A recent New York Times op-ed by Toronto restaurant operator Jen Agg raised the issue of rampant sexism in restaurants, especially on kitchen staffs. She argued that the long-practiced hazing that occurs is one reason many women either avoid the business or burn out quickly.
But foodservice still has appeal for many women. According to the National Restaurant Association, women own or co-own more than half of all U.S. restaurants, and women-owned businesses are growing at a faster rate than the overall restaurant industry. Additionally, the association points out that 45 percent of restaurant managers are women, compared to an average of 38 percent in other industries.
We asked some female restaurateurs why they chose the restaurant industry and their thoughts on the advantages and future outlook for women in the business.
Why choose restaurants?
Erin Archuleta was a school teacher and small business consultant before partnering with her chef husband to form ICHI Dozo Restaurant Group in San Francisco eight years ago. “It was clear about a year into us dating that he was starting his own catering business and could use the support,” Archuleta recalls. “We've been a partnership ever since.”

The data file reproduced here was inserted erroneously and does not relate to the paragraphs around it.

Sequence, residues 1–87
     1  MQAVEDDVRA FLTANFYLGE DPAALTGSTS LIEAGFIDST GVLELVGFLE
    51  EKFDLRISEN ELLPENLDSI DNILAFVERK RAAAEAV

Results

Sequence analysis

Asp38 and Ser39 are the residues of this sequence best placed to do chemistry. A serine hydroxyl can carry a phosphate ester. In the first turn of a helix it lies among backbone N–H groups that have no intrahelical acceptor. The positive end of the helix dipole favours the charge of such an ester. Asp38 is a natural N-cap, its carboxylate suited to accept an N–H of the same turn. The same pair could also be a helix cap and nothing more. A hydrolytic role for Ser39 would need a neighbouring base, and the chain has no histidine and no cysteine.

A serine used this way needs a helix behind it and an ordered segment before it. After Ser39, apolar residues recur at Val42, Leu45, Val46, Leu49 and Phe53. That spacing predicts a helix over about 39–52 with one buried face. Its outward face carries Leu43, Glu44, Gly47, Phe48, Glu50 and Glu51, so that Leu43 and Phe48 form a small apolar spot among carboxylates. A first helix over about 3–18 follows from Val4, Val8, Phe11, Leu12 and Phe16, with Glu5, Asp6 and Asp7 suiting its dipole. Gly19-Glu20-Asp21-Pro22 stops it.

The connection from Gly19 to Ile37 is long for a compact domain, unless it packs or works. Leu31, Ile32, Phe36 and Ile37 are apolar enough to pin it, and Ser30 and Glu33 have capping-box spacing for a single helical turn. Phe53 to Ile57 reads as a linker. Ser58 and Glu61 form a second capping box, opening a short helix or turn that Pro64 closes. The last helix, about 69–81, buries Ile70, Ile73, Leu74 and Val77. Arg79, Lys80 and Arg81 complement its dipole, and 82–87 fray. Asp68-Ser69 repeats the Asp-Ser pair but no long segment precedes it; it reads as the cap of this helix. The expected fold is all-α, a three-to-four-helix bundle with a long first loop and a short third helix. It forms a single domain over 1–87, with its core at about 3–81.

Elizabeth Blau, founder and c.e.o. of Las Vegas-based Blau + Associates, has worked in the restaurant business for 32 years, beginning as a student in high school. “My parents are passionate foodies,” she says. “As a child they exposed my sister and I to food and art; I followed the path into the restaurant business and my sister became an accomplished artist.”
Betty Fraser was an actress/singer and Denise DeCarlo was an architect before the duo teamed up to become the owners and chefs of As You Like It Catering 20 years ago and Grub Restaurant 14 years ago—both in Hollywood, CA. Affectionately called the Grub Gals, Fraser says they went into the business because they love to cook. “Ironically, when we started our catering company we were cooking all of the time,” says Fraser. “But when it came time to open the restaurant, we took on more administrative roles with operations, television stuff and the catering schedule.”